Tiny, flexible 2D phosphorus nanoribbons could usher in a new generation of electronics and battery tech.
The nanoribbons were created by accident when researchers at the University College London attempted to make sheets of phosphorene and produced ribbons instead. Made up of a mixture of black phosphorus mixed with lithium ion and then dissolved in liquid ammonia, the ribbons are one atomic layer thick, 4 to 50 nanometers wide and up to 75 µm long. They are also extremely flat and flexible, and could be tuned for specific applications—such as fast charging batteries with twice the capacity, wearable electronics and even waste heat harvesters.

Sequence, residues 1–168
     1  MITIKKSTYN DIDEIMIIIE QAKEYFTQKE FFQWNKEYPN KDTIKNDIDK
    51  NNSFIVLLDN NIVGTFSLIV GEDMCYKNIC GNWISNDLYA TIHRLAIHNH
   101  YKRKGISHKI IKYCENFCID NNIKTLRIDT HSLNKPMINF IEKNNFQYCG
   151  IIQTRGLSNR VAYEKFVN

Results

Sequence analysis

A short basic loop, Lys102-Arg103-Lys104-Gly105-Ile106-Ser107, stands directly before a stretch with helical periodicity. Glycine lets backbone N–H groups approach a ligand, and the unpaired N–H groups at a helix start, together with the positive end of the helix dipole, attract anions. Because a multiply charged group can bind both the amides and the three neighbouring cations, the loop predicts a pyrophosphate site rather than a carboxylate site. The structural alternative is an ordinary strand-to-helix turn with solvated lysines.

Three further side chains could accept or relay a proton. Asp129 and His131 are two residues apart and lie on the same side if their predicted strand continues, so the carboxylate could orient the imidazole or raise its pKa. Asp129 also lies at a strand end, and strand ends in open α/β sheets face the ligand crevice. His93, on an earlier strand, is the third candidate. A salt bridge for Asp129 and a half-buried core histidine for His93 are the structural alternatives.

Large image credit - Watts et al: 2D phosphorene nanoribbons draped over a transmission electron microscopy grid.
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